With a body count of more than 600 in the two-month-old Marawi crisis, the bombed-out homes and buildings, a city laid to waste, and half a million civilians chased off to cramped evacuation centers, should anyone bother at all with lost brass ware, storage chests, and other pusaka (heirloom) objects?
Compared to human life and misery, aren’t they mere acquisitions, objects of desire that can be replaced when lost?
Not so, according to Bai Marites Maguindra, head of the Autonomous Region in Muslim Mindanao’s Bureau of Cultural Heritage, who described these objects as part of Marawi’s rich cultural heritage.
Along with these pusaka objects, also lost are ancient documents written in Jawi, a pre-Spanish form of writing derived from the Arabic alphabet then prevalent in Malaysia, Indonesia and the Islamic areas of the Philippines.
Kept by leading Muslim families in Marawi, the documents record important events and occasions in the life of the Maranao people: marriages, intermarriages, contracts, clan-to-clan agreements and dispute settlements. Kirims (family genealogies or documents of royal heritage, also called tarsila), which are unique to Muslims, were also written in Jawi.
The documents, according to Maguindra, are part of the Maranao’s cultural heritage and history. They are knowledge-based information that give the Maranao a glimpse of their ancestors and family tree.
Because the lost or damaged documents can no longer be recovered, Maguindra said, she would push for the digital conversion of the remaining documents to ensure their preservation. She would also inventory the extent of the lost or missing heritage items that she described as “priceless.”
“When we rebuild Marawi, we need to also look at the damage to our cultural heritage,” she said. “We don’t want to build just buildings, roads and bridges.”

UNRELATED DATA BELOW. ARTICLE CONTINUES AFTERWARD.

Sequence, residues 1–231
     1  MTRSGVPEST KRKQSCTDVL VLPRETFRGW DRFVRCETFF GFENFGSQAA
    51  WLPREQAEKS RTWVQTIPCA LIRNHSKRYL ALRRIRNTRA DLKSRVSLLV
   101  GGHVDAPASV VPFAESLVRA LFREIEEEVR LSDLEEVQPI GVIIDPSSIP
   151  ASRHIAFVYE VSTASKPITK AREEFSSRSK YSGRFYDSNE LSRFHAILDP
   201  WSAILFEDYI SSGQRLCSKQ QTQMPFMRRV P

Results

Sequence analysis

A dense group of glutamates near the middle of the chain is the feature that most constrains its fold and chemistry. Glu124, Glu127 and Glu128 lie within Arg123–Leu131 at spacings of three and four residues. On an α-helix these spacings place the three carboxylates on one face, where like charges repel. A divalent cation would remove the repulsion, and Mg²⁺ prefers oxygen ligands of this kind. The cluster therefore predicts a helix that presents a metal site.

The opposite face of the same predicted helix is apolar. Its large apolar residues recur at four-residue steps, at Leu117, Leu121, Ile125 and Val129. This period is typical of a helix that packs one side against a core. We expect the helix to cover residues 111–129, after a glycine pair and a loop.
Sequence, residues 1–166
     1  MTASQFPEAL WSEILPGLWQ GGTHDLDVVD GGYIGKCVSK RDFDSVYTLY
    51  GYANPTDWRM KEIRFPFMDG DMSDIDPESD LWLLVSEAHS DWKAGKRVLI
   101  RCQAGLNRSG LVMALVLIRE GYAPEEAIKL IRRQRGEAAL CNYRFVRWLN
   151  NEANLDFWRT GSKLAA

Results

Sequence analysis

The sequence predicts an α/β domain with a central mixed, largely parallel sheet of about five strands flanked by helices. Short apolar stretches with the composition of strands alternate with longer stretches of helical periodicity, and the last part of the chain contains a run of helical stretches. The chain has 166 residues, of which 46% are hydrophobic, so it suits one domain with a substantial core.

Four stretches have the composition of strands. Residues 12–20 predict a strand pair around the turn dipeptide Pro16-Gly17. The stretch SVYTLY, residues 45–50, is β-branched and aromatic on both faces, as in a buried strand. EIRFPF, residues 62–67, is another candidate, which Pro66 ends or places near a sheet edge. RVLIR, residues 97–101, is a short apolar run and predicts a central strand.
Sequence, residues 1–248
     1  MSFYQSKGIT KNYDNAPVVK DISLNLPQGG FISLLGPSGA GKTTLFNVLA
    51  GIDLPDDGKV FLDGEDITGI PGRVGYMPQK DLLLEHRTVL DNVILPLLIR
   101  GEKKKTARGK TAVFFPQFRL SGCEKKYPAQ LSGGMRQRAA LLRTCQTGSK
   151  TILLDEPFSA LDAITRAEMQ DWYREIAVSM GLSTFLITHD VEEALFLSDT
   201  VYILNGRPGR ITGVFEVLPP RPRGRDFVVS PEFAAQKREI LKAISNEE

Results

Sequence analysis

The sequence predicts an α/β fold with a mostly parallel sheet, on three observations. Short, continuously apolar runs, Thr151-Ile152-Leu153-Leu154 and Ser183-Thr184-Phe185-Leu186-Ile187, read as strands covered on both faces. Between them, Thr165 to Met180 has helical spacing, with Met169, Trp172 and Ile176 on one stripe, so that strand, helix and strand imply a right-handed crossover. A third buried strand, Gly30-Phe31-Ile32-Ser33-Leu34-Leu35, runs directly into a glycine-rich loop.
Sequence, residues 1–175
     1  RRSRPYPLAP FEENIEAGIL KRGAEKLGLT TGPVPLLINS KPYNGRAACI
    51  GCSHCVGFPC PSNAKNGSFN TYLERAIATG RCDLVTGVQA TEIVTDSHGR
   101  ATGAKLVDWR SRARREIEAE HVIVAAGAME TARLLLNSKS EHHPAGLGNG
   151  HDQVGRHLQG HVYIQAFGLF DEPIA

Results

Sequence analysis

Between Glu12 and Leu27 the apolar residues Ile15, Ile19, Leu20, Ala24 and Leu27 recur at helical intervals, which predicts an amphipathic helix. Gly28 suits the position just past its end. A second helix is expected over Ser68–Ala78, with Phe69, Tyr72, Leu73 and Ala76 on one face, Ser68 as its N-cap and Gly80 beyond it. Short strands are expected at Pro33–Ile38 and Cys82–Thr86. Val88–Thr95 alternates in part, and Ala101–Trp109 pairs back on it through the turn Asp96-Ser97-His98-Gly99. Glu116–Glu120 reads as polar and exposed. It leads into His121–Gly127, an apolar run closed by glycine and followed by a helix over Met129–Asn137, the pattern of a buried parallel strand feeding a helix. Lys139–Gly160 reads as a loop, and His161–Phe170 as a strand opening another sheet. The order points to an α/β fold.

Indeed, retrieving and conserving one’s cultural identity is part of keeping the community intact. Beyond physical proximity, shared beliefs, customs and traditions are the ties that bind neighbors despite their diverse backgrounds.
The Islamic State and other terrorist groups know as much and seek to destroy such common ties as a way to divide and conquer. By destroying heritage sites and artifacts, extremists seek to erase the cultural identity of conquered people and cut the link that brings them together.
Unesco director general Irina Bokovahas described this “cultural cleansing” by extremist groups as their way of imposing their own version of the world. Rather than preserve and honor proof of centuries-old civilization, “they want to tell us that there was no memory [of these sites], no culture, no heritage” before they came in.
Said Bokovahas: Destroying cultural sites is like “depriving people of their identity. It’s as if they never existed.” She added: “(Cultural cleansing) is about uprooting people from their living communities, from their shared memories, and about destroying the incredible cultural diversity of countries.”
Like the Nazis before them, these terrorist groups have maximized the propaganda value of destroying items that they think contradict their own beliefs, a way of warning the vanquished that nonconformity and resistance would be similarly dealt with.
But while the desecration and looting of cultural and religious sites is a brutal and deliberate war strategy among terrorist groups — even a fund-raiser, as the groups cash in on looted artifacts in the black market — the loss of heirloom items in Marawi and other conflict areas may be the result of ignorance and apathy.
Now that the issue is out there, will a responsible government agency — the Islamic Studies, the National Commission for Culture and the Arts, or the Heritage Conservation Society — step up to the plate? Can an inventory of Marawi’s missing and existing heritage items be done after the fighting is over?
And yes, aside from the P20-billion fund to rebuild and rehabilitate the devastated city, can a budget be earmarked for the conservation of the Maranao’s heirloom items and cultural artifacts?
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